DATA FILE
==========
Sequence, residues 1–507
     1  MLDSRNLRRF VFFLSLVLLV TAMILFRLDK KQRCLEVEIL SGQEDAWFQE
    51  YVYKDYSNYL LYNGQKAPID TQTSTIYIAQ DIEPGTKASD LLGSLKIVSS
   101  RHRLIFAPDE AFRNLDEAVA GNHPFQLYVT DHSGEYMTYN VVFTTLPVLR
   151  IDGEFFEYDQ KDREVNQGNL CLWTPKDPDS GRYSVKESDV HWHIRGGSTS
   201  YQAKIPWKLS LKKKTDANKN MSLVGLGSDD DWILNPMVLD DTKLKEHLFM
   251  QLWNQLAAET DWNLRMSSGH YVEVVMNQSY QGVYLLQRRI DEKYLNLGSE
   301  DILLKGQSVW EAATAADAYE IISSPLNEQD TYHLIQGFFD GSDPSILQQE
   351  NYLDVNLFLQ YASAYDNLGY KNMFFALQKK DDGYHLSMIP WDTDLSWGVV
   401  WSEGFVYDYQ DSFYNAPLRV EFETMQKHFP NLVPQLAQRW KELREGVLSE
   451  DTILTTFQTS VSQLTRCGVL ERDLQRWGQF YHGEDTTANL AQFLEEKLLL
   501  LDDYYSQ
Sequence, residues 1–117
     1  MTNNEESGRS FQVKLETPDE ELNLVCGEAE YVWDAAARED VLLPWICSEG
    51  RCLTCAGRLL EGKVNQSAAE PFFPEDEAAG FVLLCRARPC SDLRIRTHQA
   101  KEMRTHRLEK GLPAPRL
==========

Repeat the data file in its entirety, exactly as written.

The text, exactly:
Sequence, residues 1–507
     1  MLDSRNLRRF VFFLSLVLLV TAMILFRLDK KQRCLEVEIL SGQEDAWFQE
    51  YVYKDYSNYL LYNGQKAPID TQTSTIYIAQ DIEPGTKASD LLGSLKIVSS
   101  RHRLIFAPDE AFRNLDEAVA GNHPFQLYVT DHSGEYMTYN VVFTTLPVLR
   151  IDGEFFEYDQ KDREVNQGNL CLWTPKDPDS GRYSVKESDV HWHIRGGSTS
   201  YQAKIPWKLS LKKKTDANKN MSLVGLGSDD DWILNPMVLD DTKLKEHLFM
   251  QLWNQLAAET DWNLRMSSGH YVEVVMNQSY QGVYLLQRRI DEKYLNLGSE
   301  DILLKGQSVW EAATAADAYE IISSPLNEQD TYHLIQGFFD GSDPSILQQE
   351  NYLDVNLFLQ YASAYDNLGY KNMFFALQKK DDGYHLSMIP WDTDLSWGVV
   401  WSEGFVYDYQ DSFYNAPLRV EFETMQKHFP NLVPQLAQRW KELREGVLSE
   451  DTILTTFQTS VSQLTRCGVL ERDLQRWGQF YHGEDTTANL AQFLEEKLLL
   501  LDDYYSQ
Sequence, residues 1–117
     1  MTNNEESGRS FQVKLETPDE ELNLVCGEAE YVWDAAARED VLLPWICSEG
    51  RCLTCAGRLL EGKVNQSAAE PFFPEDEAAG FVLLCRARPC SDLRIRTHQA
   101  KEMRTHRLEK GLPAPRL